REMUNERATION is one of the primary things employees take into consideration when they choose employers.
Job design and opportunities of learning are among other things which employees consider.
However, during these tough times where cash is scarce, remuneration is at the forefront.
Therefore, employers can use their remuneration packages to attract the top talent they require.
In a bid to help employers come up with the right remuneration package, we (Industrial Psychology Consultants (Pvt) Ltd) conducted a survey that prompted employees to establish their priority areas when spending their money.
Identification of these priority areas can guide employers when setting remuneration packages such that employees do not need to worry about them.
Instead, employees will focus on their work leading to improved organisational efficiency.
In our survey, there were 830 respondents from different walks of life.
We prompted each respondent to detail how they prioritise their spending by comparing seven primary areas where employees spend their money.
We included an “other” option as the eight priority area to take into consideration other areas where employees spend their money.
Overall, Zimbabweans’ priorities are as follows (from the most important to the least important):
1. School fees
2. Food and groceries
3. Rent or accommodation
4. Utility bills
5. Transport to work
6. Health and medical bills
We went on to compare priorities by several demographic variables.
Among these is gender. Our analysis revealed that men and women set their priorities similarly.
Although unexpected, the same was observed for employees in rural areas and urban areas.
This implies that when providing remuneration to your employees, you need not worry about differentiating your employees’ packages basing the differences on gender and location.
However, marital status induces differences in how Zimbabwean employees set their priorities.
The differences in priorities observed between groups with different marital statuses may be explained by differences in the size of family (number of children) which employees have to support.
Single or employees without children need not worry about school fees as much as married and divorced employees do since they generally do not have any (or as many) children of their own to support.
We also investigated if differences in culture brought about by differences in ethnicity translate into differences in priority areas.
Members of the African ethnic group prioritise food over rent and accommodation while White employees prioritise utilities over rent and accommodation.
This may be as a result of the relatively larger extended family which members of the African ethnic group have to support.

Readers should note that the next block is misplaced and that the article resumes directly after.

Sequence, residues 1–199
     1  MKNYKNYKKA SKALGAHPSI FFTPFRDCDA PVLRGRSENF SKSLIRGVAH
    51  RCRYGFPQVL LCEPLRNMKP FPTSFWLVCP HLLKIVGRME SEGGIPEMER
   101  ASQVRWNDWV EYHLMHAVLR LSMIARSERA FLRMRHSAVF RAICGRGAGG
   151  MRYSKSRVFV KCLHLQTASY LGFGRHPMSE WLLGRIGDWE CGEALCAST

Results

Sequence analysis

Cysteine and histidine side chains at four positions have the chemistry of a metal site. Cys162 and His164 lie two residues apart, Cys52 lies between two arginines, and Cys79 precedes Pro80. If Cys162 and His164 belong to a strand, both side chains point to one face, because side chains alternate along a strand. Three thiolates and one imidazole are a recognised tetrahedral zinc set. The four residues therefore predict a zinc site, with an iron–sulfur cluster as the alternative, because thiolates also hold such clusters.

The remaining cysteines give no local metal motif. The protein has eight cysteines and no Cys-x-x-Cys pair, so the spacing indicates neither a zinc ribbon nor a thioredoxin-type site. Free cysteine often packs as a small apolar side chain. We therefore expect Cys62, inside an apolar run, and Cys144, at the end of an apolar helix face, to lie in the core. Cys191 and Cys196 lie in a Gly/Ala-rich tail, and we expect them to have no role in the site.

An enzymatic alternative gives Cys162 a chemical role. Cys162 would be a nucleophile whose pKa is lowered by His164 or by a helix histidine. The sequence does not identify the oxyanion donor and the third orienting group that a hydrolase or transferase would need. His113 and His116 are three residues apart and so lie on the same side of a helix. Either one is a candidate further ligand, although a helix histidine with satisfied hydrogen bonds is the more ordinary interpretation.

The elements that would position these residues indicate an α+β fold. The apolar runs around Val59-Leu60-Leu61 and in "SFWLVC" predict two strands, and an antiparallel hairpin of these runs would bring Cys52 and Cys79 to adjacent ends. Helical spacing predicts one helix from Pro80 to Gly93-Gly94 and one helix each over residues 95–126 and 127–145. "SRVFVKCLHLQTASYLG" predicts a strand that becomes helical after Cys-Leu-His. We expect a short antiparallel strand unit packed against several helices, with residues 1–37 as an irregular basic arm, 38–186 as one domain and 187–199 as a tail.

Members of the African ethnic group had an average of four extended family members they support whereas the other ethnic groups had an average of at most three.
As expected, employees who own houses worry more about utility bills than rent whereas those who do not own houses have rent as their highest priority.
An employer may consider the composition of their workforce’s marital status and house ownership status.
This will allow them to structure employee pay and provide benefits that are relevant to each employee’s needs.
However, one should bear in mind that although, in theory, there may be advantages in differentiating pay, socially or legally, it may not be plausible.
For example, differentiating remuneration packages basing on differences in gender or ethnicity may lead to legal action.
We also uncovered an interesting insight.
Despite a few differences, generally, priority areas are the same for all income brackets.
In other words, Zimbabwean employees worry about the same things although their budgets are different.
It is worrying that medical bills and other health related expenditure were consistently ranked as number six out of the eight areas that we assessed.
This may be as a result of the hush economic conditions that leave employees worrying only about their daily upkeep.
In other words, Zimbabweans only seek medication when sickness befalls them. The implications of these findings for human resources practitioners is that employers who ensure that their employees have a house, cater for school fees and pay enough for people to be able to afford the basic food stuffs are likely to be able to attract the talent they require.
For the full report — Financial Well-being Survey Report: Priorities of the Zimbabwean Employee — contact Memory Nguwi. He is the managing consultant of Industrial Psychology Consultants (Pvt) Ltd, a management and human resources consulting firm. Phone 481946-48/481950/2900276/2900966 or cell number 077 2356 361 or email: firstname.lastname@example.org or visit our website at www.ipcconsultants.com
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